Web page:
Circuit Court Ruling in League of Women Voters v. Knudson


Timely Attention Required



Wisconsin County Clerks
Wisconsin Municipal Clerks
City of Milwaukee Election Commission
Milwaukee County Election Commission


Meagan Wolfe, Administrator
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Clerk Comm re LWV Ruling 3-25-19.pdf 61.88 KB

As you may have read, Dane County Circuit Court Richard Niess issued a ruling to enjoin the implementation of all actions resulting from the Legislature’s extraordinary session in December 2018, including several election-related provisions in 2017 Act 369 (“Act 369”) which we previously outlined in a December 13, 2018 Clerk Communication.  Due to separate federal court orders and existing administrative rules, the Commission staff believes the decision of the Dane County Circuit Court will not have any significant impact on voting rules for the Spring Election.

As we stated in a January 7, 2019 Clerk Communication, Judge Peterson’s order in the One Wisconsin Institute case had enjoined the provision in Act 369 which limited the start of in-person absentee voting hours.  It also enjoined provisions of Act 369 regarding the use of expired student ID cards and receipts for temporary State ID cards. As a result, a student ID card may continue to be used as photo ID even if it is expired, and receipts issued by the Division of Motor Vehicles to an elector using the ID Petition Process continue to be valid for up to 180 days.  Judge Peterson’s previous decision also preserves the ability of municipalities to conduct in-person absentee voting at more than one location, even though that provision of Act 369 has been enjoined as a result of the Dane County Circuit Court ruling.

Similarly, despite Act 369 being enjoined, the separate federal court consent decree, which permits temporary overseas electors to use the Federal Write-In Absentee Ballot and to receive ballots electronically, remains in place (Judge Peterson’s decision permits all absentee voters to receive ballots electronically).  Finally, the WEC’s administrative rule permitting technical college ID cards to be used as photo ID is still in effect even though that provision of Act 369 has been enjoined.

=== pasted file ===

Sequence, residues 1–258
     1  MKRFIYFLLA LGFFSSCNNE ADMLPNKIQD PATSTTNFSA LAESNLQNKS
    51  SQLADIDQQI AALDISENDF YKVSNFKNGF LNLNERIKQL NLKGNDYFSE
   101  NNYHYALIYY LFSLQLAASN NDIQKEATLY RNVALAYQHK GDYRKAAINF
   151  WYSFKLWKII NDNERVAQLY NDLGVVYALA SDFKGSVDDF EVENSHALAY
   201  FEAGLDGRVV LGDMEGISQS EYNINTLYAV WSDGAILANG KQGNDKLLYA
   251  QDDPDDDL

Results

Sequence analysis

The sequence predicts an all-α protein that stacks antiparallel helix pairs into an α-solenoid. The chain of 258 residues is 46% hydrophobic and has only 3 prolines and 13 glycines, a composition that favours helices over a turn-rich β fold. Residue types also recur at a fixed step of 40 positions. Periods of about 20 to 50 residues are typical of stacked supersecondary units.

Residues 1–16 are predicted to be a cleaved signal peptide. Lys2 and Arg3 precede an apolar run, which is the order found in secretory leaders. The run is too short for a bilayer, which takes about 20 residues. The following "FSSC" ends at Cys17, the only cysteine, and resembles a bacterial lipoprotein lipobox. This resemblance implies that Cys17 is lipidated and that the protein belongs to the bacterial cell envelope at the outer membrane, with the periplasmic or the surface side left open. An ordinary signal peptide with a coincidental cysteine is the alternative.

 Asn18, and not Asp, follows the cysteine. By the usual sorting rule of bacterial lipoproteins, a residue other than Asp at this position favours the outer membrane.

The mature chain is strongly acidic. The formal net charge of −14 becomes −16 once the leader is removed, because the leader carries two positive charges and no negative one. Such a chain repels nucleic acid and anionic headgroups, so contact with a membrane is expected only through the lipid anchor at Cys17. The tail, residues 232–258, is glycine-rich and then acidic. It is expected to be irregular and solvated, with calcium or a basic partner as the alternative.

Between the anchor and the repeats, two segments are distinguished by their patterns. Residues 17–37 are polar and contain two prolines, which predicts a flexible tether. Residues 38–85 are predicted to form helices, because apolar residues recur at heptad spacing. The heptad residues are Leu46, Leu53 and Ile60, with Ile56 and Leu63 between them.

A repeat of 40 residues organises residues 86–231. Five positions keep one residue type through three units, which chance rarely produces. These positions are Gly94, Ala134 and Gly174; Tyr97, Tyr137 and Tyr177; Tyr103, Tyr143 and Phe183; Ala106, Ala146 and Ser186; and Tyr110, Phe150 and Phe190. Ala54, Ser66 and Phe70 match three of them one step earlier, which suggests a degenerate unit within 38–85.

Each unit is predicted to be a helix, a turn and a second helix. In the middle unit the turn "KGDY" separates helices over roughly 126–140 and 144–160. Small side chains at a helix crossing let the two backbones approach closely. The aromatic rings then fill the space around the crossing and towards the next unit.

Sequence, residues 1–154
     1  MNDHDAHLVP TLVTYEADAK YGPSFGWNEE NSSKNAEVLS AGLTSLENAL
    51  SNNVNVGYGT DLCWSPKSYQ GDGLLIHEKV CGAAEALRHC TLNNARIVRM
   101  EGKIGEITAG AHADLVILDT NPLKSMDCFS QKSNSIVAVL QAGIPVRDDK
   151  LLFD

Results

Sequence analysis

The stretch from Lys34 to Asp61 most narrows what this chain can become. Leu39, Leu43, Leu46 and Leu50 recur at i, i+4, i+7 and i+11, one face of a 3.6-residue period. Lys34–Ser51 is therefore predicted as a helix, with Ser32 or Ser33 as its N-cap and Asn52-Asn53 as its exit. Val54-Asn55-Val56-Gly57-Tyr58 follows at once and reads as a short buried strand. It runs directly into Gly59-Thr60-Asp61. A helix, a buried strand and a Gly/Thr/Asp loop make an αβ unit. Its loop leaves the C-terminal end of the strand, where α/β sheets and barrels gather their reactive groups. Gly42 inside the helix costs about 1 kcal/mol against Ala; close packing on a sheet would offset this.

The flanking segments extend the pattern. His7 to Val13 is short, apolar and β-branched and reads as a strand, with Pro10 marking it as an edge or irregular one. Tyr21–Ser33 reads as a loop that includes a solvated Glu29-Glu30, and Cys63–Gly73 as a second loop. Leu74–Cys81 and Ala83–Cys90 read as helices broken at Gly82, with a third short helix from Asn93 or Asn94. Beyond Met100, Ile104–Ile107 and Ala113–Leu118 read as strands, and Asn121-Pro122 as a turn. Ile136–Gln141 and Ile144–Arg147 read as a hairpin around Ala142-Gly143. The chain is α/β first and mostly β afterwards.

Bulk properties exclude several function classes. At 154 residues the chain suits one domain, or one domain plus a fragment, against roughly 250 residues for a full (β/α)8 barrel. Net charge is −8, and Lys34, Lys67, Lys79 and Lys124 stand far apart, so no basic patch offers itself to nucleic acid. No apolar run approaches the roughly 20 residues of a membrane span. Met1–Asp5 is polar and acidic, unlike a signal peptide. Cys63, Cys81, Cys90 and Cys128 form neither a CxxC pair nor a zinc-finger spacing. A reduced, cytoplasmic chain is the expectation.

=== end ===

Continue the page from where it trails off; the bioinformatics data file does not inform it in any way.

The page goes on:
There is one enjoined provision of Act 369 that is not otherwise enforced due to other legal authority.  Act 369 removed the statutory requirement that the witness for a military or overseas absentee voter must be a U.S. citizen.  While the legal effect of Judge Niess’ decision is to reinstate the prior statute which required military and overseas absentee voters to use a witness who is a U.S. citizen, the practical impact is likely to be minimal for several reasons.  

First, the potential number of voters who are impacted will be very low.  As of Friday, March 22, 2016, a total of 296 absentee ballots had been requested by and issued to military electors, who are likely to have a U.S. citizen available to act as a witness, and 45 of those ballots have already been returned to municipal clerks.  A total of five absentee ballots had been requested by and issued to temporary overseas electors (who have an intent to return to Wisconsin) and none had been returned.  Permanent overseas electors who have no intent to return to Wisconsin may vote only for federal offices and therefore they may not receive absentee ballots for the Spring Election, both under Wis. Stat. § 6.24(2) after Act 369 and Wis. Stat. § 6.34(1)(b) prior to Act 369.

Second, there has never been a requirement that the absentee voter’s witness submit proof of U.S. citizenship or that clerks or inspectors attempt to determine whether the witness is a U.S. citizen.  The only avenue for assessing whether the witness is a U.S. citizen would be for an election inspector to challenge the ballot for failure to adhere to a voting requirement pursuant to Wis. Stat. § 6.92 (members of the public may only challenge a ballot based on voter qualifications).  In addition, an inspector would need to have firsthand knowledge that the witness is not a U.S. citizen in order to challenge the ballot.  Challenged ballots of absentee voters are counted and marked as challenged to preserve any issue to be resolved in a potential recount.

As a result of these factors, the Commission staff does not expect significant issues to arise related to the question of whether a witness for a military or temporary overseas elector needs to be a U.S. citizen for the Spring Election.  If you encounter a specific issue related to the U.S. citizen requirement, please feel free to contact the WEC. 

In short, election officials and voters should see virtually no difference in the conduct of the Spring Election as a result of the ruling last week in the League of Women Voters case.

If you have questions regarding these matters, please contact the Help Desk at 608-261-2028 or